US Vice President Joe Biden: "Poland is one of our closest allies"
Polish Prime Minister Donald Tusk has declared his country ready to take part in a revised US missile defence plan.
Mr Tusk told visiting US Vice-President Joe Biden that Poland was "ready to participate".
Poland will now host a small US base equipped with short-range missiles. It replaces a much bigger system favoured by former President George W Bush.
Mr Biden insisted the new system was better than the old version and would mean "better security for Poland".
President Barack Obama's decision to scrap Bush-era plans to build a defence system in Poland and the Czech Republic caused some alarm in those countries.
The White House's decision to reset its relations with Moscow, which had vehemently opposed the plan, led some to wonder whether Washington was still listening to Central and Eastern Europe's concerns about Russia, says the BBC's Adam Easton in Poland.
Mr Biden's visit is meant to reassure those countries that America's commitment is unwavering, our correspondent says.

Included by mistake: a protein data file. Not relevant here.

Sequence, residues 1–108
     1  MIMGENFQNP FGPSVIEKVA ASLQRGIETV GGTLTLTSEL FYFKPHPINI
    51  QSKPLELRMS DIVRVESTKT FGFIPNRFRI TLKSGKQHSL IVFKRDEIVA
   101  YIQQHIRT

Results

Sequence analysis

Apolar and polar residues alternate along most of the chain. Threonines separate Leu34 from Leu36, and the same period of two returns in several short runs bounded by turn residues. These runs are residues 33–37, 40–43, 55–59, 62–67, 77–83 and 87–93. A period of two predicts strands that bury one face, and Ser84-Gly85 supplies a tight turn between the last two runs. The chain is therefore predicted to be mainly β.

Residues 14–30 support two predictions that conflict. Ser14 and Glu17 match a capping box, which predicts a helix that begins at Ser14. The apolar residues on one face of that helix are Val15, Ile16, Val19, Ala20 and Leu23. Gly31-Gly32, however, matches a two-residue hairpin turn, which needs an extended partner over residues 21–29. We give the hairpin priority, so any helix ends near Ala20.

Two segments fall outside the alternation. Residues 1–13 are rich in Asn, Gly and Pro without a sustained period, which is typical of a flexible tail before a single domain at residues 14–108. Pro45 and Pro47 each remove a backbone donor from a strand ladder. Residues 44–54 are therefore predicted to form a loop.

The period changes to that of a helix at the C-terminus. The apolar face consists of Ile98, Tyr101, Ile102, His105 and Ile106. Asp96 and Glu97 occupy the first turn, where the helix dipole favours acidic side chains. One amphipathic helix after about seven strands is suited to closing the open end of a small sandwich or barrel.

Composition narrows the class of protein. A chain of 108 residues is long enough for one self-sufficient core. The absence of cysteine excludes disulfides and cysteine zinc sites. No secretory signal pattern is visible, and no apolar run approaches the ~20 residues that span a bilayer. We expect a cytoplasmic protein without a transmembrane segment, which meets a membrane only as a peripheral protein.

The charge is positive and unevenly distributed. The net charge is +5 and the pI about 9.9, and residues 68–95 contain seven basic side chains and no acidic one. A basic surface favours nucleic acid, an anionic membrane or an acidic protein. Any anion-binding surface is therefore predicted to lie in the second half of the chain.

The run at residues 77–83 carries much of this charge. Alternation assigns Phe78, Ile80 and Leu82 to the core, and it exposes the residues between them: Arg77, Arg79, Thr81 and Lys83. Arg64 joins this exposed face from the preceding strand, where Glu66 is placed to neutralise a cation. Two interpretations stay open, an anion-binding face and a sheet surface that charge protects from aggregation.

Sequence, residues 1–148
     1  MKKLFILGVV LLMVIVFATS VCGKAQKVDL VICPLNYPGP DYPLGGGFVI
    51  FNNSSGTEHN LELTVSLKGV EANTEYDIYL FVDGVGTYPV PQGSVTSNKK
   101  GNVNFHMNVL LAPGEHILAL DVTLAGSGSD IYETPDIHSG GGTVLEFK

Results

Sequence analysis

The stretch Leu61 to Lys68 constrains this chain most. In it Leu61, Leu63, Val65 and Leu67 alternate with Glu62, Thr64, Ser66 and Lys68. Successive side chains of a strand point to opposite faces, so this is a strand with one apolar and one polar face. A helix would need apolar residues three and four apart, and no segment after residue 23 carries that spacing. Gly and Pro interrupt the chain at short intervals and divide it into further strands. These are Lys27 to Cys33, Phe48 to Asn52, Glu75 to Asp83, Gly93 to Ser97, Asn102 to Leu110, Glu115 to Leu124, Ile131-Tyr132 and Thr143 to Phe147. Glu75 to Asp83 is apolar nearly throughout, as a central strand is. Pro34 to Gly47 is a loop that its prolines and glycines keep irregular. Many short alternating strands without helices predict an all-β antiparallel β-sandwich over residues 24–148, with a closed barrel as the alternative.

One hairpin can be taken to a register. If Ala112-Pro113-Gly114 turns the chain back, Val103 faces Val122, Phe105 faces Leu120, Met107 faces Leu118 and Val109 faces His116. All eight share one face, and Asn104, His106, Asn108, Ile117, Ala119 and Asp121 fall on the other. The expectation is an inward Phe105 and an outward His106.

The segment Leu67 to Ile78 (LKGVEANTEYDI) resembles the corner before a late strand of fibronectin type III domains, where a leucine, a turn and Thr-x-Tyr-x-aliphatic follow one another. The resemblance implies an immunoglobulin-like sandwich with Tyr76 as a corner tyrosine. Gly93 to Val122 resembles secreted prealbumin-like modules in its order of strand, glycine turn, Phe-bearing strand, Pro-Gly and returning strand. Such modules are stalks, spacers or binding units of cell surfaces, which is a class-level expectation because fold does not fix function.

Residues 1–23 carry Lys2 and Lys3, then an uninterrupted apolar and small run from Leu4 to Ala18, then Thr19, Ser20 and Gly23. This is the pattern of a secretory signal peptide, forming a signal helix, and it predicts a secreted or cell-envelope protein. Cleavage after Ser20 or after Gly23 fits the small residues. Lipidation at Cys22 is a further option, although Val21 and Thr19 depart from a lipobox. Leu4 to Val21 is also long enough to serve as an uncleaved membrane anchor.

He will travel from Poland on to Romania and the Czech Republic.
The US has reconfigured its plans to protect against "rogue" states
After meeting the Polish prime minister Mr Biden said: "We appreciate Poland has stepped up and agreed to host an element of the previous missile defence plan, and we now appreciate that Poland's government agrees with us that there is now a better way... with new technology and new information, to defend against emerging ballistic missile threats.
"It's going to meet it with proven technology that will cover more of Europe, including Poland, and will do it more efficiently than the previous system could have or did.
"Simply put, our missile plan is better security for Nato and is better security for Poland."
The new missile system could be installed by 2015.
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